Friday, January 18, 2013

Optimum infrastructure planning and better utilization of existing infrastructure: An alternative to new capacity building

Driving further into the 2010s, one gets a feeling that inadequate and poor performance of infrastructure available present a grave economic as well as social problem for economies. For economies to meet their full growth potential along with human and economic development, the lever that's imperative is more investment in infrastructure, be it transport or grids or water pipelines.

As we stare at the wide gap between existing infrastructure and the one required for optimized growth, one of the major concerns is how to find the money to fund the bridge. However, one of the other key factors which one needs to consider is to improve planning, delivery and operations of the infrastructure to get more and high quality capacity for less money to improve infrastructure efficiency. The attention needs to be focused on how governments together with the private sector, select, design, deliver and manage the infrastructure projects and make more out of the existing infrastructure available.

The exhibit below shows the estimated infrastructure sector-wise investment required in the period 2013 - 2030:
Sector-wise investment required in global infrastructure

The key challenges in the poor service delivery of the infrastructure are:

  • inaccurate planning and forecasting leading to poor project selection
  • bias of the public administrations to build new capacity rather than make use of existing ones, leading to more expensive and less sustainable infrastructure
  • lack of incentives, accountability, and capabilities clubbed with risk aversion towards new technology and 
  • a general inability of the public administrations to negotiate on equal terms with the infra developers, thereby leading to inefficient oversight and poor performance monitoring
The levers controlling the cost efficiency of the project portfolios of economies are:
  1. Improving the project selection and optimizing infrastructure portfolio - 
    • Clear definition of needs for the infra projects together with the due consideration provided for complimentary capacity planning is required to ensure lowered spending on projects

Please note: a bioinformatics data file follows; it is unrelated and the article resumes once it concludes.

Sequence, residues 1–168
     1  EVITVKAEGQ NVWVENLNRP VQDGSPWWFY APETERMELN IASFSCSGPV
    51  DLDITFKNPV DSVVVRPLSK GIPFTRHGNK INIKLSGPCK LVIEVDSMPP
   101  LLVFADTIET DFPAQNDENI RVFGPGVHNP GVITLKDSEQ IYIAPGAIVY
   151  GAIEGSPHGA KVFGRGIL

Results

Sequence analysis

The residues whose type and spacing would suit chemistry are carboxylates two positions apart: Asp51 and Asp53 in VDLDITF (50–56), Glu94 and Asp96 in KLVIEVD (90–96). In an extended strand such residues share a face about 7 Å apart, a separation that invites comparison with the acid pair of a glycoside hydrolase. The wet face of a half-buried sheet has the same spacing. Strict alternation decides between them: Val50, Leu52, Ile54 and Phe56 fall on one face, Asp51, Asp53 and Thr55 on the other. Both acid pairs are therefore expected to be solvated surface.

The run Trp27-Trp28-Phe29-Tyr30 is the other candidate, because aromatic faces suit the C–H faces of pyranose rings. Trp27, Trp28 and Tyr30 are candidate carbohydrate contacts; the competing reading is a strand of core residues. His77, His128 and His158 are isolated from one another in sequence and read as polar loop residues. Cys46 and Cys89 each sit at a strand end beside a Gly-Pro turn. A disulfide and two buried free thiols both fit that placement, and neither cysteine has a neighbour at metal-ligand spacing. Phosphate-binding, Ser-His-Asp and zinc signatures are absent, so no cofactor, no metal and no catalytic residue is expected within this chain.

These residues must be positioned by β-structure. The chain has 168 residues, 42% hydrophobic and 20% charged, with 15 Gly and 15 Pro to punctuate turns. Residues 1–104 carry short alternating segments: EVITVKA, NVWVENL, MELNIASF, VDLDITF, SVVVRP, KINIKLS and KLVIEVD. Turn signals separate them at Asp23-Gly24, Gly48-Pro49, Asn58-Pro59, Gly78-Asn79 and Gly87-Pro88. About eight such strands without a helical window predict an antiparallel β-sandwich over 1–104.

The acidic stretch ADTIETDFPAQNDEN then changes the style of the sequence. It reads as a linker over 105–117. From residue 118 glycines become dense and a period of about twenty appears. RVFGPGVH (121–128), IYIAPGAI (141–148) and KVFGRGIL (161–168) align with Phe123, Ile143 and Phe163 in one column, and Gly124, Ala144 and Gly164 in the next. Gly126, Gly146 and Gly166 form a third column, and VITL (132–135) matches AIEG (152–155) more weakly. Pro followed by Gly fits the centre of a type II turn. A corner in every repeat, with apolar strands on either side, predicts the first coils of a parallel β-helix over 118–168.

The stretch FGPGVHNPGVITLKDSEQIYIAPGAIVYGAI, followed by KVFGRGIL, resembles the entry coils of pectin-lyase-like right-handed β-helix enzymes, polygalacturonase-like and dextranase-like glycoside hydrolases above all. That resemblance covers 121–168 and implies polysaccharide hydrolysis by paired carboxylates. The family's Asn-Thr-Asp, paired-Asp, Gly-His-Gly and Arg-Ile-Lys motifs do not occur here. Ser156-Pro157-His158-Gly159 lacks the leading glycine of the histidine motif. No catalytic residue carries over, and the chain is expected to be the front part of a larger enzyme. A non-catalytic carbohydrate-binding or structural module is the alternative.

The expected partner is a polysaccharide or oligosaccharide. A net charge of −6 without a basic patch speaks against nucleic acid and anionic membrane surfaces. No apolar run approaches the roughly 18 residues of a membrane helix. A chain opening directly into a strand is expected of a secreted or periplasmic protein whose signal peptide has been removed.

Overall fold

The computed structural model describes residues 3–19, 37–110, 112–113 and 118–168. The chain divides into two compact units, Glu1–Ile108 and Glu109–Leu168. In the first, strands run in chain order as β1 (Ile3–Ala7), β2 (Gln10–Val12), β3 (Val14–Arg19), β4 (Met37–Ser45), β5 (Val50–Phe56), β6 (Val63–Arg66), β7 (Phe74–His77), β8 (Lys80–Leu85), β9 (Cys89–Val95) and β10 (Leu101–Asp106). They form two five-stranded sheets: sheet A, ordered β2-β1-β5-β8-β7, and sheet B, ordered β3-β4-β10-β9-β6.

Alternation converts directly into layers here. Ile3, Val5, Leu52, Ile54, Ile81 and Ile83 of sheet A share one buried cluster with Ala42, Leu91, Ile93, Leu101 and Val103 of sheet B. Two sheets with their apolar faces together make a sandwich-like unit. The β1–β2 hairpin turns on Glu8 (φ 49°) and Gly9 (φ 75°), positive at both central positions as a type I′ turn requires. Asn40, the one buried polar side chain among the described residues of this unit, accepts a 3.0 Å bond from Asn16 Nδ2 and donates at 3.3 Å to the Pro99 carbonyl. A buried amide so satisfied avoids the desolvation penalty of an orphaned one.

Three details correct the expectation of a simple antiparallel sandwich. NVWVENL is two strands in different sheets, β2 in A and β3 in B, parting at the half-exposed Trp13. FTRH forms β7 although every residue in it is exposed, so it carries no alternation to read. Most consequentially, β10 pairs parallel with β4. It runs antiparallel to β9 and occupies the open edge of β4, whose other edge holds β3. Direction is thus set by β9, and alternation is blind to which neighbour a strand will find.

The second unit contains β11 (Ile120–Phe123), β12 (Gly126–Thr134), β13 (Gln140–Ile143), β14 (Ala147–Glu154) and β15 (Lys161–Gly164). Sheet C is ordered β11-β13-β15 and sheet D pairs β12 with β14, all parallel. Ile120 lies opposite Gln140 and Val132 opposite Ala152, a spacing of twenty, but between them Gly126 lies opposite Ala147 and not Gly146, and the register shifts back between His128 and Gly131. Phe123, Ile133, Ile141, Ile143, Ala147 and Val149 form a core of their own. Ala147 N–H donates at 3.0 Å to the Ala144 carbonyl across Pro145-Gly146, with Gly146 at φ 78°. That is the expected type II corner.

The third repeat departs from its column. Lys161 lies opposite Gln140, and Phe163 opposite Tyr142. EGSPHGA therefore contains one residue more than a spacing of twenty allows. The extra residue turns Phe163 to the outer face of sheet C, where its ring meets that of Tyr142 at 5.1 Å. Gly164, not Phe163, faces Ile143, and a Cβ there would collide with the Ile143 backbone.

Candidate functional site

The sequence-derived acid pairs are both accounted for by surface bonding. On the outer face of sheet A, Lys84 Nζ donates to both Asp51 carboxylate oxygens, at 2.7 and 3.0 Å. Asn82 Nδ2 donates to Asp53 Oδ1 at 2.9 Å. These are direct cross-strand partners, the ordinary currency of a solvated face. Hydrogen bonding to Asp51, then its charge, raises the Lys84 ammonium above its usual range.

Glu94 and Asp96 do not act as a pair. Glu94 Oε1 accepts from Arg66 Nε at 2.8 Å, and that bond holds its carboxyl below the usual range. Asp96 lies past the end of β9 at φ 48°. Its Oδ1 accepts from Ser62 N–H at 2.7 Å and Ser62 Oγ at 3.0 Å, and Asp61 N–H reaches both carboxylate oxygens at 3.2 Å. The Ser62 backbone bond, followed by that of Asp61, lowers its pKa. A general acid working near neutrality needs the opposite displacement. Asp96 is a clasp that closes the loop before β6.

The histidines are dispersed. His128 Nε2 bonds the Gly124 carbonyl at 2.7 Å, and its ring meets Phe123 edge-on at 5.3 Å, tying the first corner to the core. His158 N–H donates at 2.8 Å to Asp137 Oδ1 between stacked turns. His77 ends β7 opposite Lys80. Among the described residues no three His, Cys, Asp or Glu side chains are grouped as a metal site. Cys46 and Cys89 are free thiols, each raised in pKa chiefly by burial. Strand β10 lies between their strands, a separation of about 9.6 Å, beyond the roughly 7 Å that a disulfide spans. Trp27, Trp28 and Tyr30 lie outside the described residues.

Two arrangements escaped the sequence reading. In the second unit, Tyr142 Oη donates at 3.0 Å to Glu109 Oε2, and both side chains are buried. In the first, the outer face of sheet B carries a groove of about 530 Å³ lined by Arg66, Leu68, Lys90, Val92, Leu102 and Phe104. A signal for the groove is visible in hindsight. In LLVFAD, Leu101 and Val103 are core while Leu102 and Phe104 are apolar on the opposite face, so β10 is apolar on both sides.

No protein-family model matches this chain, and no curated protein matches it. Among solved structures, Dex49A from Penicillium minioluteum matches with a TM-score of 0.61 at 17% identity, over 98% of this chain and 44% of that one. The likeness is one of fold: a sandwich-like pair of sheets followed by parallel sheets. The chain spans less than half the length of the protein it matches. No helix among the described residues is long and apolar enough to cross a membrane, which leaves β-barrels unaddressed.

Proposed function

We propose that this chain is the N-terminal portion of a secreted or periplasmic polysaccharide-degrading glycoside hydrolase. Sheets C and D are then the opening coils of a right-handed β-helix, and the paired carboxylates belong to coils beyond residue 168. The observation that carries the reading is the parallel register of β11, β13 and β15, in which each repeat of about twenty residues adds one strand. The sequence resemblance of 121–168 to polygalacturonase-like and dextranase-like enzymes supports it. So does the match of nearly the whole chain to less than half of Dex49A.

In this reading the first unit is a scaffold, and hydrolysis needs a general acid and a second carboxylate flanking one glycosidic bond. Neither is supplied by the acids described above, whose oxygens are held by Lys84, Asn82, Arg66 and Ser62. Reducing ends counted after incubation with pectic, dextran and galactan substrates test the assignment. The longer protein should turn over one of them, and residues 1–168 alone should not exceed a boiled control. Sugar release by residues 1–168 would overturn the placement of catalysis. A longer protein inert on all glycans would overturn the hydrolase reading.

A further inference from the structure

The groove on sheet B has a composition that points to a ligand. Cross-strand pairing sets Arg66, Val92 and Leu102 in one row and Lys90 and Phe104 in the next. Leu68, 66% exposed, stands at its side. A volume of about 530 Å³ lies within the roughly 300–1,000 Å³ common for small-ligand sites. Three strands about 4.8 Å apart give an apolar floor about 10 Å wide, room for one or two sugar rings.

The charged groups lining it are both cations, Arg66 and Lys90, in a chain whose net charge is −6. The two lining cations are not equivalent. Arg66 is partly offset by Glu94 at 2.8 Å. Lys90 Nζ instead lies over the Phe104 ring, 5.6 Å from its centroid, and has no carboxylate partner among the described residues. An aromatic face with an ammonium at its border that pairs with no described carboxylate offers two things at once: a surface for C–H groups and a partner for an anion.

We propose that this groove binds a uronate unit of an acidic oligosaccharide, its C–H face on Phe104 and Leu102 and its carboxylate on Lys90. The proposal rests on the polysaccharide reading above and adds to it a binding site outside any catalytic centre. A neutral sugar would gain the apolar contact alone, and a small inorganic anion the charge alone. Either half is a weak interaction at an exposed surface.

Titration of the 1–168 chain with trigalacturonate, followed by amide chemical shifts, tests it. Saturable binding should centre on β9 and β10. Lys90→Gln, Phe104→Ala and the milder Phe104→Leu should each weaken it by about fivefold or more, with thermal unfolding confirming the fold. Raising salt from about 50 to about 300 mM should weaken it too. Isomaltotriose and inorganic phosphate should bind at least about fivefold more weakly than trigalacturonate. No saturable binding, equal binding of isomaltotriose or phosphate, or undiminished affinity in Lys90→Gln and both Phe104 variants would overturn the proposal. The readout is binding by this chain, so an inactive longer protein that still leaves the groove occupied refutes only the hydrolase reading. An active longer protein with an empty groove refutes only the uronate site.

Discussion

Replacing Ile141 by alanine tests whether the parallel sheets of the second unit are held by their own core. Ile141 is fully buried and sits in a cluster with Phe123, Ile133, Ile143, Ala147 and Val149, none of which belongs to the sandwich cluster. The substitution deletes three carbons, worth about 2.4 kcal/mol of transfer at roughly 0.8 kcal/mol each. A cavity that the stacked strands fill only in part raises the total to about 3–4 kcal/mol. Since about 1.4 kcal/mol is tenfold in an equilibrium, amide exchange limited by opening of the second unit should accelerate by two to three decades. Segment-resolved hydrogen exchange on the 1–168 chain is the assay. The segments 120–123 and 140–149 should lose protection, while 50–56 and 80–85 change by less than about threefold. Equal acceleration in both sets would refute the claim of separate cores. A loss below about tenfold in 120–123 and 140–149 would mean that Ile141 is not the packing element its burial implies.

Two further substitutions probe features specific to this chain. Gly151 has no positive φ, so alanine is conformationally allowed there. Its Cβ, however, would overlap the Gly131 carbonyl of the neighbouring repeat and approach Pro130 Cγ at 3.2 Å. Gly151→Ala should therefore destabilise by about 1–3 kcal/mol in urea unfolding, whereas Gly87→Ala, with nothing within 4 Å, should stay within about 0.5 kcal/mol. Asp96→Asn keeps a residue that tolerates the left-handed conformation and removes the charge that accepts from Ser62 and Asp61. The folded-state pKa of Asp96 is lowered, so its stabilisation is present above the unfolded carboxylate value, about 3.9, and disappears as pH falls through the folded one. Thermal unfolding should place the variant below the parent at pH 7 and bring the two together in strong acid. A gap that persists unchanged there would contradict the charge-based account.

• Sophisticated evaluation methods to determine costs and benefits and prioritizing the project selection based on transparent, fact based decision making, is another critical factor
    • One estimates US $200 billion saving in the infrastructure spending globally, if the project selection is done appropriately
  2. Delivery Streamlining -
    • Heavy investment in the project planning and design phase bears an importance in stream-lining the project delivery
    • Appropriate incentives need to be designed and incorporated into the contract design helps in achieving prescribed performance specification
    • An estimated saving of US $400 billion annually can be achieved by streamlining the project delivery 
  3. Optimizing existing infrastructure assets - 
    • One may end up with a savings of US$ 400 billion a year by boosting the asset utilization, optimizing maintenance planning and better demand-management. For eg., reducing transmission and distribution losses in water and power may come at a nominal cost of just 3% of the cost required for equivalent new production 
    • Governmental measures, through the use of tools and charges to allow the demand management, are an effective solution for greater benefits 
  4. Up-gradation in infrastructure governance systems - 
    • A wholistic understanding of broad socio-economic growth and common understanding between various infrastructure development authorities, is basic requirement in the governance of infrastructure
    • Clear division of technical and political responsibilities for infrastructure management will be required to ensure a more transparent and efficient asset management
    • Appropriate role-definition for public and private players providing for role clarity on market structure, regulation, pricing and subsidies, ownership and financing, is the key
    • Most importantly, a trust based engagement of all stakeholders through-out the process is must to avoid sub-optimal solutions and unnecessary delays
The figure below shows an estimated savings that can be achieved by implementing appropriate measures towards optimum infrastructure deployment:

Estimated savings possible through optimization in infrastructure portfolios and better asset utilization

Ref: Infrastructure Productivity: How to save $1 trillion, January 2013, McKinsey Global Institute

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